Setting and participants

The inclusion criteria for selecting the participants were as follows: 1) patients with cancer having targeted therapy-induced facial dAEs (e.g., acneiform rash, xerosis, pruritus, and erythema), who were aged 20 years and older; 2) those who were able to monitor and care for their skin; and 3) patients without hearing or cognitive impairment, who were able to communicate and decide whether to participation or discontinue participation in the study. Patients with severe physical pain or discomfort were excluded.

Potential participants with advanced cancer were invited to participate in the study by their attending physicians during their visits to the Departments of Dermatology, Cancer Center, and Departments of Gastroenterology and Hepatology, Keio University Hospital in Tokyo. The physicians briefly explained the research outline and introduced the investigator (KY) to only patients who were interested in hearing the details from the investigator. Subsequently, the investigator and the patient met privately in a room that was different from the consultation room. Written and oral explanations of the objectives, methodologies (e.g., interview, recording), and voluntary participation were given to those who were interested in participating in the study. One patient withdrew before providing informed consent mainly because the interview was a burden owing to fatigue. All other participants (n = 20) provided oral and written informed consent to participate in the study and chose to be interviewed either on the day of recruitment or on the day of the next scheduled visit.

Data collection

Informed consent from all 20 participants were obtained during consultation or in the interview room in the hospital on a date chosen by each participant. One of the investigators (KY) conducted the interviews using a semi-structured interview guide in the hospital between March and July 2018.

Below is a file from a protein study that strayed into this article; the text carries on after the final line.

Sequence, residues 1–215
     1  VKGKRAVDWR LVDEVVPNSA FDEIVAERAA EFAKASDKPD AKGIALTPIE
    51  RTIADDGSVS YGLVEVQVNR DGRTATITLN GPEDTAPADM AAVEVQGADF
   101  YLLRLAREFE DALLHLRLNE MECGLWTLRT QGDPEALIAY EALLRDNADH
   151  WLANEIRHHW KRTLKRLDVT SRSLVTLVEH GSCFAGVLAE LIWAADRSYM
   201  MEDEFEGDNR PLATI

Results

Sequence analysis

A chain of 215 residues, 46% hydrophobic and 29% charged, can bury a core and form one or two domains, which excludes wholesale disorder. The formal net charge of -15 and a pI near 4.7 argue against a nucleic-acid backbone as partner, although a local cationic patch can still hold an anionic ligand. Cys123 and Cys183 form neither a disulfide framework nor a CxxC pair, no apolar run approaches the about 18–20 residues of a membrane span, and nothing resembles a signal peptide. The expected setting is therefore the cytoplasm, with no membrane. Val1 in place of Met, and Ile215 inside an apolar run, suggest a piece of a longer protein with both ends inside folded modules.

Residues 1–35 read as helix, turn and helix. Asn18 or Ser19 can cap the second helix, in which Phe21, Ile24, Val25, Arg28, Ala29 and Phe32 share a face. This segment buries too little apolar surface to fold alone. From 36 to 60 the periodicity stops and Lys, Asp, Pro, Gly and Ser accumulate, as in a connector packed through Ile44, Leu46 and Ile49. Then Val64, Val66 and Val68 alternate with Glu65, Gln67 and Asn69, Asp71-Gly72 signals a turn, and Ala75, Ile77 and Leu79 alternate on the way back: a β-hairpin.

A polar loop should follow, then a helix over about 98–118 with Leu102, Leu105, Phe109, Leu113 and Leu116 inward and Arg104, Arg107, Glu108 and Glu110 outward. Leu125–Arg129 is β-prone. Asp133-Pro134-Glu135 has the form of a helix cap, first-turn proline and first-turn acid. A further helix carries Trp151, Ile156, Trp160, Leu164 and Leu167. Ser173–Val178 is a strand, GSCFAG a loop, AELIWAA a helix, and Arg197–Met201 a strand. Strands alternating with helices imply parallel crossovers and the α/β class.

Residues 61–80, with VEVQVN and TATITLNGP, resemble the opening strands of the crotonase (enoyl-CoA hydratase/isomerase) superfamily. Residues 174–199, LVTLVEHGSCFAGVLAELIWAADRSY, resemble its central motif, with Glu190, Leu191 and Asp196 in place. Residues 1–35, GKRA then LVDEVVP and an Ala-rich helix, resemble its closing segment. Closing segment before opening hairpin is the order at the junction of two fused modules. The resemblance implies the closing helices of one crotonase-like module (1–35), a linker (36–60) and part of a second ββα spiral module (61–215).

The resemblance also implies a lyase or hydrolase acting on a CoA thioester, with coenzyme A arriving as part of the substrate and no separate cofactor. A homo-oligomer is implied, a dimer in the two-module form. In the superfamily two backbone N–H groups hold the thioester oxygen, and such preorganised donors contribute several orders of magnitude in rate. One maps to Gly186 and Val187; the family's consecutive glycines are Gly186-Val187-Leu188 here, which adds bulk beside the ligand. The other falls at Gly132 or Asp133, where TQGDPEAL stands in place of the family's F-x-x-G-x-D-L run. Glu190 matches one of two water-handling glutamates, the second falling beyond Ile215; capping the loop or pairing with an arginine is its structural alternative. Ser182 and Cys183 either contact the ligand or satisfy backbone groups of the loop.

Based on a literature review of the multifaceted effects of EGFR inhibitor-related dAEs on QOL [5, 9, 10], living experience [11] of cancer patients receiving therapies, and discussion among the research team members, we developed a semi-structured interview guide. After the completion of the third, ninth, and 15th interviews, KY and another investigator (HK) reviewed the data and interview guide to ensure the quality of data and revised the interview guide to facilitate patients with advanced cancer to talk about their experience with facial dAEs. The Appendix presents the final version of the interview guide. We used purposive sampling based on the inclusion criteria in the present study. Open questions were used to obtain information on the participants’ feelings about cancer and facial dAEs in the introductory phase of the interview. The questions that followed were in line with the semi-structured interview guide. KY and HK discussed emerging themes, and data collection continued until the data reached saturation. The interviews were audiotaped and transcribed verbatim.

Data analysis

The transcripts were reviewed and analyzed using thematic analysis. We used the qualitative research software, NVivo10®, to record and manage the data. KY reviewed the transcripts several times, anonymizing personally identifiable information. Adhering to the phases of thematic analysis [16], the following procedures were implemented: 1) KY independently and continuously, reviewed the transcripts; 2) data that were determined relevant were extracted from the entire data set and labelled with initial codes; 3) candidate themes were identified by repeatedly comparing and integrating individual codes and reporting patterns in the data; 4) themes were identified by reviewing candidate themes; 5) subthemes were determined; and 6) quotations were selected for use in the results.

To ensure the trustworthiness of the study, we adopted the following procedures: KY analyzed the data, and noted personal perceptions and subjectivity in parentheses. Then, HK reviewed the data with the initial codes and tentative subthemes. All the themes and subthemes were discussed, and final themes were established by KY and HK. After the completion of all interviews, the research team had two peer debriefings and email exchanges about the themes of study and the interpretations, including the opinions of the dermatologists (HT, TO, JY, and MA) and oncologist (HY). In consideration of the participants’ physical and psychological burdens, we did not perform a member check by asking participants to confirm the data, themes, and interpretations. After completing the identification of the themes and quotations that supported the themes, a professional translator translated them into English.